FEBA Radio- A lifetime of God's provision
FEBA Radio at 53!
As FEBA turns 53, we celebrate all that has been achieved for the Kingdom of God – and recognize how God used us over the years to touch millions of lives.
In the beginning...
At the close of World War II, Robert Bowman, Bill Roberts and John Broger were burdened to communicate the Gospel of Jesus Christ at the ends of the earth. They prayed and sought the direction from the Lord, for to reach millions of people most effectively, they needed guidance on how to do this most cost effectively. It is not surprising that they turned to radio as a reliable platform to take the Gospel to the least reached communities of the world. With very little resources in hand, they established a non-profit and non-commercial organization, the Far East Broadcasting Company (FEBC) on 20 December 1945. The first broadcasts were designated ‘KZAS’ and later ‘DZAS’ with the first official broadcasts reaching China, in June 1948.
One of FEBC’s primary focal points was India. The work originated in the 1950’s in collaboration with the Evangelical Radio Fellowship of India [ERFI] and the Far East Broadcasting Company (FEBC) Manila. In 1956, the first broadcast in two languages were beamed to India from FEBC Manila.
In 1959, a small British group of supporters of the Far East Broadcasting Company, took up the challenge of fund-raising for broadcasts to India from the Seychelles. Taking on the project as FEBA (Far East Broadcasting Associates), Douglas Malton, (now President of FEBA in the UK), John Wheatley and Malcolm Fidge led the funding and construction of a new radio station on a mountain-side at Anse Etoile. A distinct feature of the station were the antenna masts and aerials constructed around a coral reef, 4,000ft into the waters on ocean floor! At first tapes of evangelical messages were sent by sea from the UK, Australia and the USA, for broadcasting by FEBA’s first missionary radio station on the Seychelles.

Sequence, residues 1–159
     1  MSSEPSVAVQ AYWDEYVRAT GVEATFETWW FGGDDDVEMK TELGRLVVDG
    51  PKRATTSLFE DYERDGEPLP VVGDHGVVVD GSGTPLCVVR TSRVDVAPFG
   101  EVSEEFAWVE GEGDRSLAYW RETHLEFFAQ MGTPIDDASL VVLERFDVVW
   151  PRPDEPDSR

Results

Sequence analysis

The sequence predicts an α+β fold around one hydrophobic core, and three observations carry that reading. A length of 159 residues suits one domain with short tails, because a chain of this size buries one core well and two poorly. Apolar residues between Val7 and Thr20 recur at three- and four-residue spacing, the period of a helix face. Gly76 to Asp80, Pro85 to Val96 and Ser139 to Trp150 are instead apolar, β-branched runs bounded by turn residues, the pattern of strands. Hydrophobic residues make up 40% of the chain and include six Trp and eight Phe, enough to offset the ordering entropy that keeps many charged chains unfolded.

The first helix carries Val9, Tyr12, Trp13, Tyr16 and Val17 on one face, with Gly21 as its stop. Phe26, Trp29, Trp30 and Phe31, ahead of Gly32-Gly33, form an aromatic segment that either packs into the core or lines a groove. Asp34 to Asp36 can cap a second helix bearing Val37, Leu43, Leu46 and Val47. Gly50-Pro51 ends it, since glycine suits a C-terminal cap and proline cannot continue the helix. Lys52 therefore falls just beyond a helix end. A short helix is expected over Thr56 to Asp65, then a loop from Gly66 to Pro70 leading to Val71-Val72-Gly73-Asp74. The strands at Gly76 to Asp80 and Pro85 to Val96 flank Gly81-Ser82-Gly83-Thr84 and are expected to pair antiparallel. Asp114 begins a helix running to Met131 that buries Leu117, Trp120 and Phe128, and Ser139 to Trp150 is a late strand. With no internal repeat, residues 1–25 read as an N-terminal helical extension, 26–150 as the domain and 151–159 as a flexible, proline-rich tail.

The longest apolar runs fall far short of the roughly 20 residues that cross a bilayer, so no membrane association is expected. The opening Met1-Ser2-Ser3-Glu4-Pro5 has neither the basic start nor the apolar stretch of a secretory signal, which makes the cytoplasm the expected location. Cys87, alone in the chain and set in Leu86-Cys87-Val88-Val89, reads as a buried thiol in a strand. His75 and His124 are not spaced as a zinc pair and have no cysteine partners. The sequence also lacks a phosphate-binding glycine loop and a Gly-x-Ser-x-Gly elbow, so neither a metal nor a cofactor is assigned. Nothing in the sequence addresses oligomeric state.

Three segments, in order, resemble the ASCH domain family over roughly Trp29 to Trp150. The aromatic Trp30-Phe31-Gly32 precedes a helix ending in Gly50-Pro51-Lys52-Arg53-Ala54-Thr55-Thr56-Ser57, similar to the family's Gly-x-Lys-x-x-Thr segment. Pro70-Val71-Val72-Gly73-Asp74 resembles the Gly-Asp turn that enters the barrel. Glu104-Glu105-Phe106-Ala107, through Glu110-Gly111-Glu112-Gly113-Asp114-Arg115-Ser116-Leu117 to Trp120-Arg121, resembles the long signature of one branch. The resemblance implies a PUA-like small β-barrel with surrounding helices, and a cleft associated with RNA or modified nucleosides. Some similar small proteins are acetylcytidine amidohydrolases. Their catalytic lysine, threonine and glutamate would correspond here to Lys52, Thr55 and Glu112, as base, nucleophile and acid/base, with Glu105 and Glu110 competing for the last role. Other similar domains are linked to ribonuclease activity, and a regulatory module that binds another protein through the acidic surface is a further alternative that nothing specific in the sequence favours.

Due to land reclamation by the government, FEBA Radio was asked to vacate the transmittion station to a different location. The FEBA Task Group in the U.K. worked hard to find suitable locations from which to broadcast our programmes through high power transmitters. This dream was realized when on 30th March 2003 FEBA moved from the shortwave transmission site in the, Seychelles to the various agencies taking FEBA’s broadcasts in 60 langauges (in addition to those already broadcast by FEBC) to listeners in the Far East, Asia, Middle East and Africa.